C.Cleft constructions 1. it-clefts (clefts) It was that banana (that) Pat ate. It was Pat who ate that banana. 2. wh-clefts (pseudo-clefts) What Pat ate was that banana. (The one) who ate that banana was Pat. What Pat did was eat that banana. 3. reverse wh-clefts That banana is what Pat ate. Pat is (the one) who ate that banana. 4. th-clefts Thats a banana (that) Pat ate. Thats Pat who ate that banana. English Noncanonical Constructions
D.Inversion Eating that banana is Pat. English Noncanonical Constructions
E.Gapping Chris ate the orange and Pat, that banana. English Noncanonical Constructions
F.Right Node Raising Pat bought - and Chris ate - a banana. English Noncanonical Constructions
G.Left-Dislocation That banana, Pat ate it. Pat, she ate that banana. English Noncanonical Constructions
H. Right-Dislocation He ate that banana, Pat. Pat ate it, that banana. 1.Right-Dislocation with concomitant copula deletion Tasty piece of fruit, that banana. English Noncanonical Constructions
I. Heavy NP Shift Pat gave to Chris that huge overripe banana from Brazil. English Noncanonical Constructions
J. Dative Alternation (double object construction) Pat gave Chris that banana. Pat gave that banana to Chris. English Noncanonical Constructions
K.Particle Movement Pat ate that banana up. Pat ate up that banana. English Noncanonical Constructions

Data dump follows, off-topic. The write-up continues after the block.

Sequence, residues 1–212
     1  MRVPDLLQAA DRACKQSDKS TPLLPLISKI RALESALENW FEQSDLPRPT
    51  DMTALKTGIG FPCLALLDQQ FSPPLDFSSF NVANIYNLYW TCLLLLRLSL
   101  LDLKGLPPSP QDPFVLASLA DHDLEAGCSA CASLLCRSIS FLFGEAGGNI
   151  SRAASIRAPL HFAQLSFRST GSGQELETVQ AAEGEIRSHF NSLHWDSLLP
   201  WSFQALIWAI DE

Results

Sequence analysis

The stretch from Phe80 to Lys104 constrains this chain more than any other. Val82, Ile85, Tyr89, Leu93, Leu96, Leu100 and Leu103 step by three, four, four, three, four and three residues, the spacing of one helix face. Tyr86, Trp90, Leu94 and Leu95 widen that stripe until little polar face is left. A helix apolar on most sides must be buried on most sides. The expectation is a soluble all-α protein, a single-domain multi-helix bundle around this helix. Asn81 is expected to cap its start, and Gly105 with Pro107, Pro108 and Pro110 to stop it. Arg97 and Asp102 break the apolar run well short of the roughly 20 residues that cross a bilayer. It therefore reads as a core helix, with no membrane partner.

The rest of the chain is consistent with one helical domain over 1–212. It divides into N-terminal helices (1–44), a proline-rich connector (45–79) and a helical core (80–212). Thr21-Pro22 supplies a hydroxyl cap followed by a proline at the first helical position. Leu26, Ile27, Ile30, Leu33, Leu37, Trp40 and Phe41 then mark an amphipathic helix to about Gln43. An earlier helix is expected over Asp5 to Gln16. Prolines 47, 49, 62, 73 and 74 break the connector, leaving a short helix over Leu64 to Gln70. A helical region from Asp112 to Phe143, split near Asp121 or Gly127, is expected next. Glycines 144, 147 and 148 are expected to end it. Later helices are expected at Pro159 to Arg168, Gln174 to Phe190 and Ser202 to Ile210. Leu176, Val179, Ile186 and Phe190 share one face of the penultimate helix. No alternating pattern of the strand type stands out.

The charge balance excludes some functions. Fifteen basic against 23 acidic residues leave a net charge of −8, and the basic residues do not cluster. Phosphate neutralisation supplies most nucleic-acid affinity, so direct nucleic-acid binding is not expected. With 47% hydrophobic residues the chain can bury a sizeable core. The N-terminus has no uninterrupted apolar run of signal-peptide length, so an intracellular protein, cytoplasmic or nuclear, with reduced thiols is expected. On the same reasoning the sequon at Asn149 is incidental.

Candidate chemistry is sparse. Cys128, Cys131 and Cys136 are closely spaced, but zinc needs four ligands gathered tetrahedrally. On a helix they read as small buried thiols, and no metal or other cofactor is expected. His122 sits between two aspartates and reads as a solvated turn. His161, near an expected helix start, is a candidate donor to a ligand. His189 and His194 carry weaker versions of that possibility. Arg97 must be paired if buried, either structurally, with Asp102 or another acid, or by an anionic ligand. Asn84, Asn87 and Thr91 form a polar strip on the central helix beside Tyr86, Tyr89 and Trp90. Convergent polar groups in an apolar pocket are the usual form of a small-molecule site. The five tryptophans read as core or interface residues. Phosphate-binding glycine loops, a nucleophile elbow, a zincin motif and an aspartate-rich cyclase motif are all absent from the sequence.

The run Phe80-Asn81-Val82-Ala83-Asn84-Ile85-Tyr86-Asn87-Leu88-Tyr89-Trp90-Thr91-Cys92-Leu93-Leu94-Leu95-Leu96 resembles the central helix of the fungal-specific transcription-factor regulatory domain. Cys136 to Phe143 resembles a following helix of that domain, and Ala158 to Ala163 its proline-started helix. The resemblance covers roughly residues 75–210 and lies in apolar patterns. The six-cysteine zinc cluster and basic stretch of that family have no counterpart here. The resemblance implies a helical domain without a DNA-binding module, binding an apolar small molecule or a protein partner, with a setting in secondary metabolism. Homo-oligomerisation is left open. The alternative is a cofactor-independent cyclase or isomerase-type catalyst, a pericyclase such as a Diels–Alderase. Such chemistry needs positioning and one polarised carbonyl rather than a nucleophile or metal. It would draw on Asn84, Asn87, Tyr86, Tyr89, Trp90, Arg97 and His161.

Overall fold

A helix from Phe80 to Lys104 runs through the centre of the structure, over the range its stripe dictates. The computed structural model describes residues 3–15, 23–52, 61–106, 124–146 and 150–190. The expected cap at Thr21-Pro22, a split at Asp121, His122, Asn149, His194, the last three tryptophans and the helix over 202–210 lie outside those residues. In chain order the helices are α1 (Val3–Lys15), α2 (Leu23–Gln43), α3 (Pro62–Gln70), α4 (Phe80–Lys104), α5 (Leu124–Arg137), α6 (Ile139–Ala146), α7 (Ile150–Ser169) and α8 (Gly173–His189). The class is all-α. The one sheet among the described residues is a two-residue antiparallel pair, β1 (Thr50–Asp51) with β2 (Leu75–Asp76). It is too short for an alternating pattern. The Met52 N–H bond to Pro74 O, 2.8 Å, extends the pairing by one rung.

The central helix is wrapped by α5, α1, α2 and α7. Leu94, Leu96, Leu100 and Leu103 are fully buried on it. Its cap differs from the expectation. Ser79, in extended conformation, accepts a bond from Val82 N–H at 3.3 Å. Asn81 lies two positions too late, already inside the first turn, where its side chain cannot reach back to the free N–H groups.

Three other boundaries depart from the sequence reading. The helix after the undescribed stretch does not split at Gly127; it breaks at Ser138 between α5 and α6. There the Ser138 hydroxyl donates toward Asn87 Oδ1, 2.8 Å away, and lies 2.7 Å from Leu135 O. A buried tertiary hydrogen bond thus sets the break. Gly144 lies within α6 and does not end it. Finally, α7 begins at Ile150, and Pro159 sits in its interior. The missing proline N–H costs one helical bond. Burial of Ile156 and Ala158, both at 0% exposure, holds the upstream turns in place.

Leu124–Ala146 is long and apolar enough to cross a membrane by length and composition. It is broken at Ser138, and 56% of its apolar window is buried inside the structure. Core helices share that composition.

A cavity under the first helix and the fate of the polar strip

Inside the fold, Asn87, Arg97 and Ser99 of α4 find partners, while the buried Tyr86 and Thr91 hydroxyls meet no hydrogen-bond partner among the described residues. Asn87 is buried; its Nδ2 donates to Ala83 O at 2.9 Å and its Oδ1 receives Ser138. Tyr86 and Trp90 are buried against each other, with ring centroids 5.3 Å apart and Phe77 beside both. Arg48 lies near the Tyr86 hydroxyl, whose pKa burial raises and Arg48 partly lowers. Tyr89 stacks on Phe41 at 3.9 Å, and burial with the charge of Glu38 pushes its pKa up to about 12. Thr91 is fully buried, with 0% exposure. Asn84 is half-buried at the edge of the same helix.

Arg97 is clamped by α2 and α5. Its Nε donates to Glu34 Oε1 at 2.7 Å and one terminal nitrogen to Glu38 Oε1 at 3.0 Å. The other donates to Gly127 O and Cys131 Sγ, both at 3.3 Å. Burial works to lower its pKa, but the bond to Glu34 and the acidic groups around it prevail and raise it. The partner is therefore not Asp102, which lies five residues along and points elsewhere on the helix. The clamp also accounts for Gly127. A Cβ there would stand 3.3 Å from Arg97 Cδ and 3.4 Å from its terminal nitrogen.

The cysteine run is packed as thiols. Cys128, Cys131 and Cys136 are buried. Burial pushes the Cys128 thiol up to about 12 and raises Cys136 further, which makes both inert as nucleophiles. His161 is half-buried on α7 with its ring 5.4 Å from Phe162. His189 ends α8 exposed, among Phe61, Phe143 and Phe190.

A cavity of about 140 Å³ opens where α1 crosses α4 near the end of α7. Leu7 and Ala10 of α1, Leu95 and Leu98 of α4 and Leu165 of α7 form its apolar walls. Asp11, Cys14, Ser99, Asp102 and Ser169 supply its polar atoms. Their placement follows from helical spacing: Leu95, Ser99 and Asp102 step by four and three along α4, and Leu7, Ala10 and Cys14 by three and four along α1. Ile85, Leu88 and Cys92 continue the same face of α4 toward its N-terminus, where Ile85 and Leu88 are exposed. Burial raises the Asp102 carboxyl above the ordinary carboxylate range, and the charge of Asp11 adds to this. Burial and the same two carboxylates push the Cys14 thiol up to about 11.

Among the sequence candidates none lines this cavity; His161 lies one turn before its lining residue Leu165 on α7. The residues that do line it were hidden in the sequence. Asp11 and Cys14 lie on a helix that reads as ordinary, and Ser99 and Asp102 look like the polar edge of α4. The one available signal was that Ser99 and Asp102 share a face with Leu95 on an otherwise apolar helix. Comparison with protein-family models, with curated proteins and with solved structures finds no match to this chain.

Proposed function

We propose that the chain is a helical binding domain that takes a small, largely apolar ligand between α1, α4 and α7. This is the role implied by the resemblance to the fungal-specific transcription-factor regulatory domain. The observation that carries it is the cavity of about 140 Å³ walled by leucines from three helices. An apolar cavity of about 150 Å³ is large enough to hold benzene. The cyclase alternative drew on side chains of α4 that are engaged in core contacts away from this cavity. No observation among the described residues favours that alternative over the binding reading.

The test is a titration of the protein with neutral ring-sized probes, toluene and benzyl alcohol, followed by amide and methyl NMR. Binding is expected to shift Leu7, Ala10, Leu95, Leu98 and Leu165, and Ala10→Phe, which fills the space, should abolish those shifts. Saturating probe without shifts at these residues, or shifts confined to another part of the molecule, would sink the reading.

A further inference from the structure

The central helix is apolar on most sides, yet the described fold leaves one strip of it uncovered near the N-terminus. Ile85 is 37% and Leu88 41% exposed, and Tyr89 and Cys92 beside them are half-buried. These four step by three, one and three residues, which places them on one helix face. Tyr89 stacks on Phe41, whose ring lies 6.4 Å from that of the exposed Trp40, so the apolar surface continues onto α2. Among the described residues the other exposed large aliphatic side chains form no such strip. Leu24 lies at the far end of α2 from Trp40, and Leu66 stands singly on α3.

Combinations 1.Cleft + passive with by-phrase It was that banana that was eaten by Pat. What was eaten by Pat was that banana. 2.Inversion + passive with by-phrase Being eaten by Pat is a banana. 3.Reverse wh-cleft + RD Thats what I want, that banana. English Noncanonical Constructions
Combinations (cont.) 4.Reverse wh-cleft + LD + passive That banana, thats what was eaten. 5.Cleft + gapping It was Chris who ate the orange and Pat, that banana. 6.Gapping + inversion + passive with by- phrase + proposition suspension Being eaten in a frenzy by Chris was that orange, and by Pat, that banana, if eaten they were. English Noncanonical Constructions
Canonical intransitive sentences: A lovely fountain is in the garden A lovely fountain stands in the garden.
A.Inversion 1.Locative In the garden is a lovely fountain. In the garden stands a lovely fountain. 2.Non-locative Also lovely is the fountain in the garden. English Noncanonical Constructions
B. Existential there-Sentences Theres a lovely fountain in the garden.
English Noncanonical Constructions C. Presentational there-Sentences There stands a lovely fountain in the garden.
English Noncanonical Constructions Combinations 1.Existential there + Preposing In the garden, theres a lovely fountain. 2.Presentational there + Heavy NP Shift There stands in the garden a lovely fountain. 3.Inversion + Cleft It is in the garden that stands a lovely fountain.
Investigating Noncanonical Constructions Empirically Three prevailing methodologies: Intuitions Psycholinguistic experiments Corpus-based investigations Each has its strengths* and weaknesses! *note CCCvCCC phonology!
The Three Methodologies: Pros and Cons Intuitions Pros Useful in guiding initial stages of hypothesis formation. Gaps: often the relevant corpus data do not exist (which does not mean that the construction or form is ungrammatical!). Example: recursive preposing
Recursive Preposing? I find it difficult to accept the fact that I have no control over some aspects of my life. The fact that I have no control over some aspects of my life I find it difficult to accept.